Every 10 minutes, a parent learns their child is disabled. The Lord Mayor is raising money to help support these families
DISABILITY is an issue close to the Lord Mayor Alan Yarrow and his family’s heart. Their eldest son Max has a learning disability.
His wife Gilly explains, “As parents of a disabled person, you can often feel isolated from mainstream society. While friends happily discuss hopes for their children – school, university, career – you seem to be staring into the bleak unknown. Fighting fear, fatigue and sheer frustration with the system.
“We wanted what any parent wants for their child; to have access to opportunities, and to grow up happy, healthy and fulfilled – able to make the best possible contribution to our communities.”
Like many families, Scope was there to support them. The charity provides a life-line to disabled people and their families across the UK and this year it is one of the primary beneficiaries of the Lord Mayor’s Appeal.
“We are the lucky ones,” says Gilly, “I was able to give up work to focus on Max and our family. And Scope was with us every step of the way. We want other families, like ours, to access the help, advice and friendship which we received – and depended on.”
Research by Scope shows that eighty per cent of parents with disabled children admit to feeling stressed or exhausted. Parents are juggling work, household tasks and countless medical appointments for their child. They often feel alone and unsupported.
It costs three times more to raise a disabled child, and when you couple that with feelings of social isolation and higher chances of relationship breakdown - it’s no surprise that families are struggling.
One crucial service Scope provides to help parents is Face 2 Face, a free befriending scheme aimed at offering emotional support and practical help to others in a similar position. The national scheme has services in London, including Islington, Redbridge, Waltham Forest, Newham and Tower Hamlets.
Zainab Mohammed is from Clerkenwell. Her son Lameen has Down’s Syndrome. She’s found it tough being a parent of a disabled child. Her experiences have made her want to help other parents, which is why she became a befriender for Scope’s Face 2 Face service.
“Having a disabled child puts strain on your relationships. Me and my husband separated when Lameen was 4. I can't put it solely down to having a disabled child but it put pressures on us. We didn't have any time for each other and Lameen needed all of my time and support.
Lameen is now 12, but I feel like I'm still looking after a baby. He has complex learning difficulties and needs constant supervision. He has very limited speech and isn't aware of the dangers around him. Simple tasks like cooking or going outside near roads can be very dangerous.”
Director of Fundraising Alan Gosschalk says that the demand for services like Face 2 Face is growing daily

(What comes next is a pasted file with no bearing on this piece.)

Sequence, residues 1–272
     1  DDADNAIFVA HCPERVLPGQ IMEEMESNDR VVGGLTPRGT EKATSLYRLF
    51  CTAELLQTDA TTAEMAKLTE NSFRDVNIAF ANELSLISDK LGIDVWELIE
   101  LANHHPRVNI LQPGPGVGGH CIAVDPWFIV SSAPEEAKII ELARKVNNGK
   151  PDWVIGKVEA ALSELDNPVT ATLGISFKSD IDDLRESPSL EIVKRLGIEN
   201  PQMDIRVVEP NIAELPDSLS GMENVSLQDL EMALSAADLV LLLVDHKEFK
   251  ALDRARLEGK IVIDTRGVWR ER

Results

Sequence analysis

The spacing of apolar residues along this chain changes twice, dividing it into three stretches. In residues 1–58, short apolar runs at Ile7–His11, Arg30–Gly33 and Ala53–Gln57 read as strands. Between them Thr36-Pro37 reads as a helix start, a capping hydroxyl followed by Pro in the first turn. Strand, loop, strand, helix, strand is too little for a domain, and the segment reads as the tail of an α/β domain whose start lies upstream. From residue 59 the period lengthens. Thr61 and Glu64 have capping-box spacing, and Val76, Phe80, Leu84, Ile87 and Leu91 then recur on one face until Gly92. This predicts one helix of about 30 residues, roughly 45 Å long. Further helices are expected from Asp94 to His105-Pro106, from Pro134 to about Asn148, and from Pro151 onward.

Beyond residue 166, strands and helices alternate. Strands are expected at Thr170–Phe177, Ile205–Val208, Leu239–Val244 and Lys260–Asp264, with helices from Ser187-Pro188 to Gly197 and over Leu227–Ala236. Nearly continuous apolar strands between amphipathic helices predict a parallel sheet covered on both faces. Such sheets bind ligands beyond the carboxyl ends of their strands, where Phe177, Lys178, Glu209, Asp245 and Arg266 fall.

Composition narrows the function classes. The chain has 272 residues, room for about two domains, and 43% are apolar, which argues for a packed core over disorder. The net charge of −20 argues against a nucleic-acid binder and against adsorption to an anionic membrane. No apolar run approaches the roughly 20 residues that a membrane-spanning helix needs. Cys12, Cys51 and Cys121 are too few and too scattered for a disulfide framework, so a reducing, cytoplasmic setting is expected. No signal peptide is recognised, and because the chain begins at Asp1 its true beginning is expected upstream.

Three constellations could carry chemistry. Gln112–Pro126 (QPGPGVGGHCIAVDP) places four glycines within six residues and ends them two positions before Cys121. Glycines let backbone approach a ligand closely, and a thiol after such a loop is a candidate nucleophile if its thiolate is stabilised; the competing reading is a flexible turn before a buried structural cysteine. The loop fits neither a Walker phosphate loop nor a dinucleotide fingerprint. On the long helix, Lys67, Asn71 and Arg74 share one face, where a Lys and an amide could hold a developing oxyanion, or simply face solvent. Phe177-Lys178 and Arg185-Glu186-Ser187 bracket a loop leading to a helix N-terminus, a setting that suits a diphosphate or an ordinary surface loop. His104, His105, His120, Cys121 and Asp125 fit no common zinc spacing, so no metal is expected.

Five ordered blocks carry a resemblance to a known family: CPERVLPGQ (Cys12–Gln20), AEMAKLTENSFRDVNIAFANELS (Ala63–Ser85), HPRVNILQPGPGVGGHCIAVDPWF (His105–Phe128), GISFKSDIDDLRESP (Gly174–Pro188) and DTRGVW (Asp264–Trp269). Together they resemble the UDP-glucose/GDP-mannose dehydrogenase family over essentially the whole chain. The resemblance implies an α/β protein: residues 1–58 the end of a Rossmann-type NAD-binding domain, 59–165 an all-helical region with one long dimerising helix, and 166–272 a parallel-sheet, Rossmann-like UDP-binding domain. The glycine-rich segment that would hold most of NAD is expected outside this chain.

“Scope provides information, advice and support to more than a quarter of a million disabled people and their families every year.
Calls to our helpline have increased and our online information pages are being viewed by more people.
The Lord Mayor’s Appeal will support Scope’s Fund for Families enabling us to support as many families and disabled children as possible.”
With more cuts to benefits and support services to come things won’t be getting any easier for disabled people and their families.
By supporting Scope’s Fund for Families, the money raised will ensure that families of disabled children don’t struggle alone.
Steptember: Support Scope by getting active
2 – 29 September 2015
Join teams from around the world and challenge yourself to walk, swim, dance or wheel your way to 10,000 steps a day this September. There are over 60 different activities you can convert to steps including activities for people with a disability. Take part with your friends, family and colleagues and raise funds for Scope.
The average office worker takes just 2,500 steps a day. Steptember is all about getting together in teams of up to four to each take the equivalent of 10,000 steps a day throughout the month of September.
It's just £10 per person to sign up, with a £100 per person fundraising pledge.
To sign up simply head to the website www.steptember.org.uk
LET’S END THE AWKWARD ABOUT DISABILITY
Awkward situations can be funny. But imagine if every day, people avoided talking to you because they weren’t sure what to say or how to act. That’s the situation that many disabled people face today.
Previous research by Scope shows that the majority of Brits feel awkward around disabled people, and as a result they panic or worse – avoid contact altogether for fear of doing the wrong thing. Scope’s End the Awkward campaign aims to tackle the awkwardness that many people feel about disability.
Nearly half of the British public do not personally know anyone who is disabled. To raise awareness of the nation’s awkwardness, Channel 4, in partnership with Scope, is releasing a new Shorts series, What Not To Do, fronted by Alex Brooker (pictured), the charity’s ambassador and star of Channel 4’s The Last Leg.
The six, four-minute films see Alex react to different scenarios as hidden camera set-ups expose awkwardness around disability.
Brooker, who has a prosthetic leg, and hand and arm disabilities, hopes the campaign will get people talking about, rather than avoiding, the issue of disability:
“Some people can feel a bit awkward about disability, but I think more often than not the awkwardness is coming from a good place – it's just someone not wanting to cause offence.
“The situations in these short films are outrageous, but they’re based on real life stories from disabled people.
“I've gone through the awkward handshake myself a good few times.
“We need to get past all that and end the awkward. Disability is only a small part of who someone is.”
To watch the films visit All 4 All4.co.uk/whatnottodo